The horse held the secret. Effy had never owned a horse, and while it would certainly have been within the power of the devil to gift Effy a horse, the truth was this horse was not of satanic origin. It was traced to Edinburgh, and to a doctor of some fame.

And soon the truth of the tale began to unravel. Effy’s resurrection had been entirely involuntary. Her shallow frozen resting place had been robbed by students of this doctor. Such body snatching had been going on ever since Edinburgh College of Surgeons had become renowned for the teaching of anatomy.

But the fear of the resurrectionists had meant people were on their guard. Edinburgh’s kirkyards were watched, graves were protected by iron grills and mort safes and bodies were placed in heavy metal coffins.

Such measures meant the body snatchers had to look for new opportunities further afield. The kirkyards of our county therefore became victims of night raids by the Edinburgh resurrectionists. Lots of money was to be made in this lucrative business, and our kirkyards provided relatively easy pickings compared to the closely guarded dead of the Capital city.

And so poor Effy, hours after she was laid to rest, found herself pulled from her grave by two students, eager to please their famed teacher. They were new at this and nervous. Robbing the grave was the easy part in this dark secluded graveyard. But getting the body safely to the college without detection would be more difficult.

But they had a plan. They dressed Effy as if she still lived in a long dress and a lipped bonnet that hid her face. It was a dark night, and an unusual hour, and suspicions may have been raised as they entered Edinburgh. Their cart was liable to be searched. But who would search a servant woman sleeping off a hangover?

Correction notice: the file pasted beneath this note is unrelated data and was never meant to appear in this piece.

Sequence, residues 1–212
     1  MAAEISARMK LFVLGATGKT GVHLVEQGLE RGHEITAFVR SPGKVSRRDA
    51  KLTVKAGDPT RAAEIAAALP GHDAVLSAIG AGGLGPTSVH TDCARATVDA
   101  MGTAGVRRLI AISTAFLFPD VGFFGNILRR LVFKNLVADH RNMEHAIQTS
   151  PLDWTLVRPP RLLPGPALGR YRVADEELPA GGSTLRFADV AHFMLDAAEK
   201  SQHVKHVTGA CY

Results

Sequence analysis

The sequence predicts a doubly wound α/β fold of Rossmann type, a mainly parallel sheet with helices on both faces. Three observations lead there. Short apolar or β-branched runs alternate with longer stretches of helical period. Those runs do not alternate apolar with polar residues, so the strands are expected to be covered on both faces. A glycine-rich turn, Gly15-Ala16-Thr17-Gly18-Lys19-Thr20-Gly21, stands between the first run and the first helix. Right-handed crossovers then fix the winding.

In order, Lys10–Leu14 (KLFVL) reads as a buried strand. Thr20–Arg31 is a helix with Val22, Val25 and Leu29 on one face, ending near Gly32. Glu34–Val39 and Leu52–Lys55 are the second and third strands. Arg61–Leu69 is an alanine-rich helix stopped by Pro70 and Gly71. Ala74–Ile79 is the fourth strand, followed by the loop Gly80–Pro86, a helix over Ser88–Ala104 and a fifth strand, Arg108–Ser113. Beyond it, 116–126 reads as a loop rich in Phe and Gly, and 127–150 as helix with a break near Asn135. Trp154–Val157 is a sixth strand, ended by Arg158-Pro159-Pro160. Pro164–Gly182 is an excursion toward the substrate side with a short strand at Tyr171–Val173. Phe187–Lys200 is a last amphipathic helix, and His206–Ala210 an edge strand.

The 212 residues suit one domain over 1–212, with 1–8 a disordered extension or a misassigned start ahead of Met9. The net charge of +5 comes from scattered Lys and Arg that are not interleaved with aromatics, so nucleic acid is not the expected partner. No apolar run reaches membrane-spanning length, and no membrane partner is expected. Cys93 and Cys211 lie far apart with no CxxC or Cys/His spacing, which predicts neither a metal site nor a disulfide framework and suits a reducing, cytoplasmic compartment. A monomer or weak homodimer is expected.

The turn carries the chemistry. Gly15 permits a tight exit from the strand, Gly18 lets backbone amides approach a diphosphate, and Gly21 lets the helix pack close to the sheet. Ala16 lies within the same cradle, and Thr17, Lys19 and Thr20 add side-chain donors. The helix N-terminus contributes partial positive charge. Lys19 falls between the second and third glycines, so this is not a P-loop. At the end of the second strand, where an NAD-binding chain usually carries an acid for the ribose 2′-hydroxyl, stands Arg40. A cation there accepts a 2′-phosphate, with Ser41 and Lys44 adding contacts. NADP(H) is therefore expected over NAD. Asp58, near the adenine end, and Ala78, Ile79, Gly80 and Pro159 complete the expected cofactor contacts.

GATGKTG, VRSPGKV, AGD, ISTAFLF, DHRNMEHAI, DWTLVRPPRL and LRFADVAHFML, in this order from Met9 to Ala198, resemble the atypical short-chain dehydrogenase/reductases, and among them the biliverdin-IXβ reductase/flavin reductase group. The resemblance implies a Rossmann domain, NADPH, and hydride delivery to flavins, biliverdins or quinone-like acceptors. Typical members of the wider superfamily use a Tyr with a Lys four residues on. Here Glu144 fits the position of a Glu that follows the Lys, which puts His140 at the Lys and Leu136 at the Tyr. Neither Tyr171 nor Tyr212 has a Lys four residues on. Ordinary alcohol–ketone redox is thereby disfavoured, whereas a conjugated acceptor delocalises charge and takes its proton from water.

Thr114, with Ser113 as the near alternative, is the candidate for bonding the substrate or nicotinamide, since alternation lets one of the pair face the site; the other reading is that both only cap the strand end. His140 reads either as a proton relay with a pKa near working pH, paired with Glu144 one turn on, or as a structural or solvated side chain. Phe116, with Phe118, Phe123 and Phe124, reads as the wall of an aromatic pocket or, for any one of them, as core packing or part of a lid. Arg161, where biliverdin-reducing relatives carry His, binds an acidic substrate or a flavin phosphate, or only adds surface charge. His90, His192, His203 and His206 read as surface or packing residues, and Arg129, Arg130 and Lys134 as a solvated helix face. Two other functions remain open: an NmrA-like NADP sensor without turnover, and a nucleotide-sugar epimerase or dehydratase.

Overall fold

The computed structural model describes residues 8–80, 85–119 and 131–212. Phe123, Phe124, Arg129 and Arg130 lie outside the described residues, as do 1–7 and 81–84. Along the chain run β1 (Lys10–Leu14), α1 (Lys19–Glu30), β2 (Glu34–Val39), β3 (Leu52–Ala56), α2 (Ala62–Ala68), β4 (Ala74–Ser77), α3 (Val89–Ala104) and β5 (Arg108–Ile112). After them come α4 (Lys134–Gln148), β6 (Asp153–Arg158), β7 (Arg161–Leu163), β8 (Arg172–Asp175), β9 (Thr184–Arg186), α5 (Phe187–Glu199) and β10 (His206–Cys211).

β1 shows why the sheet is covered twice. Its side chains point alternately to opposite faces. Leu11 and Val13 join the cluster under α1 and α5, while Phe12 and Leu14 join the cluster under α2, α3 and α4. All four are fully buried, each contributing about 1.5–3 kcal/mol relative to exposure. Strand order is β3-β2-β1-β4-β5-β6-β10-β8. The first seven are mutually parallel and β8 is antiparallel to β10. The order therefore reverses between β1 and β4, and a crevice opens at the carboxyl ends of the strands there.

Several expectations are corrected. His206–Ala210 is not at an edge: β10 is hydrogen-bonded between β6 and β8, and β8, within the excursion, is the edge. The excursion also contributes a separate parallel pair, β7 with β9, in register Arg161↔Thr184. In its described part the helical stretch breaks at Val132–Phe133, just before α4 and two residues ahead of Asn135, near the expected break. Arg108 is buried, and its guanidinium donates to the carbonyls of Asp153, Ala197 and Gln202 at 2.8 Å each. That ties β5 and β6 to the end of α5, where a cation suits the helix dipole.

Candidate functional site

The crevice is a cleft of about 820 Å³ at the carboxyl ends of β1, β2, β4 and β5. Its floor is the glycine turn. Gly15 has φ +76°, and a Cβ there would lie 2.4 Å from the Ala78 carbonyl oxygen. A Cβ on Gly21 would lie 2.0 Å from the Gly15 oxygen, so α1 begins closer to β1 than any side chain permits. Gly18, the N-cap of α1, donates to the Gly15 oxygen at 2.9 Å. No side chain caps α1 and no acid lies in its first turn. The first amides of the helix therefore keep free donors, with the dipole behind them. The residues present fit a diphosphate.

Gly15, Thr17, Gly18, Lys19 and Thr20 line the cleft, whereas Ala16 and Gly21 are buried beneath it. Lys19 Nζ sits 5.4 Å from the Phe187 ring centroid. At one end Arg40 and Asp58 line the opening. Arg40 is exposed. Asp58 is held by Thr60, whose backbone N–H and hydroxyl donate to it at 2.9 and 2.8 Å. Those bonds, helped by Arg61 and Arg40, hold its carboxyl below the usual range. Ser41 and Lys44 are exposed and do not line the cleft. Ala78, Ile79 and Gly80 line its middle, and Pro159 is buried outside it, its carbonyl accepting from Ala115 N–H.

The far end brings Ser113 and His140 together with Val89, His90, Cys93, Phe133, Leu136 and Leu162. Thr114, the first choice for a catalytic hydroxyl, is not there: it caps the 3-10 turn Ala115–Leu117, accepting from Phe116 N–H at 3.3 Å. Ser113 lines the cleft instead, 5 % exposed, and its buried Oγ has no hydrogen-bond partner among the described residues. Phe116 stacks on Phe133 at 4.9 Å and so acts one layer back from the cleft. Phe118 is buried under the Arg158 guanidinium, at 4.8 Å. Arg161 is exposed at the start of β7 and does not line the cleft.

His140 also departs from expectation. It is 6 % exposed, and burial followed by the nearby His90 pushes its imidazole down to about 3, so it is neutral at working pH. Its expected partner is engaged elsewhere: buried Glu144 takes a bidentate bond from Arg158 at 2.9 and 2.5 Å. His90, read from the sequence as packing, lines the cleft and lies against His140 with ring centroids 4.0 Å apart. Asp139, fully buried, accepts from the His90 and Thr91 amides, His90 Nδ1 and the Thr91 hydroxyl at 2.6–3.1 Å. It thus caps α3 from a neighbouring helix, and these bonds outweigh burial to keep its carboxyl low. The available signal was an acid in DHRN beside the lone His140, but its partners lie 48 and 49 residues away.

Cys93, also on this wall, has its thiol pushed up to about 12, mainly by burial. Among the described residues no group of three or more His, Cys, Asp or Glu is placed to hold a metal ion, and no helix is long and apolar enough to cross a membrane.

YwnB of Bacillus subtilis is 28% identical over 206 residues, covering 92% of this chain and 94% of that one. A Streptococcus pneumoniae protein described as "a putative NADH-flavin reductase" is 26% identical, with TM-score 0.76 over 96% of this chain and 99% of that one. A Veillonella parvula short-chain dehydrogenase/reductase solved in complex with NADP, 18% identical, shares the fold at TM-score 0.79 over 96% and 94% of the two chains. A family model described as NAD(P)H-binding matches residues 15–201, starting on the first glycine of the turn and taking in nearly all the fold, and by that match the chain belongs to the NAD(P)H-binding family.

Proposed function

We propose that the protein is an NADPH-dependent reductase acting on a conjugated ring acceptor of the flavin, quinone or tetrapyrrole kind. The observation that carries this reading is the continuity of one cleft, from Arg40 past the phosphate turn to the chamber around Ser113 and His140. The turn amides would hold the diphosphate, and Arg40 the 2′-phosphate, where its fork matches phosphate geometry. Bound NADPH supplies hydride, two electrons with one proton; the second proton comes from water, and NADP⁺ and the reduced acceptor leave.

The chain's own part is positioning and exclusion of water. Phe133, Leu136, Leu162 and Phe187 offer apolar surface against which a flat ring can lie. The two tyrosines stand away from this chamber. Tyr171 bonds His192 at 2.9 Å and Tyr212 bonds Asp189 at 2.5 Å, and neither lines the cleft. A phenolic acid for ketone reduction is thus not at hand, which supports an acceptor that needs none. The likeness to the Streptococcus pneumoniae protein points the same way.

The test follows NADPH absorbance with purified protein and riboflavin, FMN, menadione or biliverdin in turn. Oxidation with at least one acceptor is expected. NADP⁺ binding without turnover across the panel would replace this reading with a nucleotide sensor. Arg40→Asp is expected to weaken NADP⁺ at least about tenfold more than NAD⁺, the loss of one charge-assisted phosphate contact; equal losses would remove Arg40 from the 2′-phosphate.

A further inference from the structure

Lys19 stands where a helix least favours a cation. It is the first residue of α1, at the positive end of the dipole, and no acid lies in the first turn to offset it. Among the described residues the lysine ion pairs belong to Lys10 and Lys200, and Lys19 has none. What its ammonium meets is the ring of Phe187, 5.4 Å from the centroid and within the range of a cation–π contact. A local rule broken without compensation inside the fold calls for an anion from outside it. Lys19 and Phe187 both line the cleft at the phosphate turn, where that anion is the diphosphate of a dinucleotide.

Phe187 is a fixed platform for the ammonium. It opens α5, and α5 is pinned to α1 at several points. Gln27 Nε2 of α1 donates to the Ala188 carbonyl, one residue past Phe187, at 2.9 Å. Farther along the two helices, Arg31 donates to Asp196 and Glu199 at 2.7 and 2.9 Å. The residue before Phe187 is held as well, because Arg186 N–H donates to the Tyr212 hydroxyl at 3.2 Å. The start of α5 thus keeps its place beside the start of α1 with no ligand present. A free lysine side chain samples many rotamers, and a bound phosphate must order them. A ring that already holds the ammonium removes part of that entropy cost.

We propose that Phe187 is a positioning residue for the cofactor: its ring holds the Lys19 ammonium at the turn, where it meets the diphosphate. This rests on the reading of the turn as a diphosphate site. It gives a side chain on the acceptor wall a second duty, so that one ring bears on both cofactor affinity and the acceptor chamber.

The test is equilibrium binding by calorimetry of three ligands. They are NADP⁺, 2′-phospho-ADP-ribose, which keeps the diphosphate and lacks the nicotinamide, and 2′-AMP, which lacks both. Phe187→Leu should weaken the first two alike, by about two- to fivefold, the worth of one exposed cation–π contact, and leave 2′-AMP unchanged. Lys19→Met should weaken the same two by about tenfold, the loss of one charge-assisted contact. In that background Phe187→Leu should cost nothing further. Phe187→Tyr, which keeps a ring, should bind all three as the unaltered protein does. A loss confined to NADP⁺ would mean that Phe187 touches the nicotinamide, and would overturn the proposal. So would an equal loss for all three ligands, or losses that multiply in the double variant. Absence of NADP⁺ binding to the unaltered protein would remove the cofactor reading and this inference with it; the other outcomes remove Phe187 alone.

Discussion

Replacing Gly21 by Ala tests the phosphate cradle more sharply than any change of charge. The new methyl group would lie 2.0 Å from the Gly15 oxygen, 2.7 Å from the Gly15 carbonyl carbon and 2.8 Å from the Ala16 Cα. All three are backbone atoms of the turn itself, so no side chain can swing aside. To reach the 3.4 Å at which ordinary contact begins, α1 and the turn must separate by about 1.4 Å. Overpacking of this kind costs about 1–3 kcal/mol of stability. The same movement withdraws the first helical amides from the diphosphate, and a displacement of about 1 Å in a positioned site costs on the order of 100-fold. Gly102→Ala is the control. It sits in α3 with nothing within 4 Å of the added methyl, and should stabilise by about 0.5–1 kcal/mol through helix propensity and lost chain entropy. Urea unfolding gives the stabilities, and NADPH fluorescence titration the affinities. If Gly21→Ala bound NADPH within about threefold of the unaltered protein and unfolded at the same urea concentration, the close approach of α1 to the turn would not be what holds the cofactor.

And so the body of Effy Brown sat between two students as they rode the cart back to Edinburgh, on a freezing night, lit only by a slither of the moon.

The darkness hid the steepness of the slope, and the treachery of the road surface. And as the cart tumbled over they just managed to jump free. Effy lacked the agility to jump free because she was already dead. So her lifeless body bounced from the cart and was then trapped by it as it came to rest over her.

And so she was found by Adam and his wife.

The mystery solved, poor Effy could once again be laid to rest. This time for good, one hopes.

Where exactly did this happen? It is a good question. Many kirkyards in East Lothian had such visitations. The impressive metal mortsafe grill kept safe in Bolton Kirk is evidence that this relatively remote place was fearful of visits by the body snatchers.

But where is this tale located? You will figure it out if you can think of an old walled kirkyard which lies on the edge of a small East Lothian community. There are several roads from there to Edinburgh, but one avoids most of the other villages along the way, but also has a steep brae with a slight curve at the bottom. Close by three old houses remain.

It was here Effy was saved from the surgeon’s knife by the wrong footing of a doctor’s horse.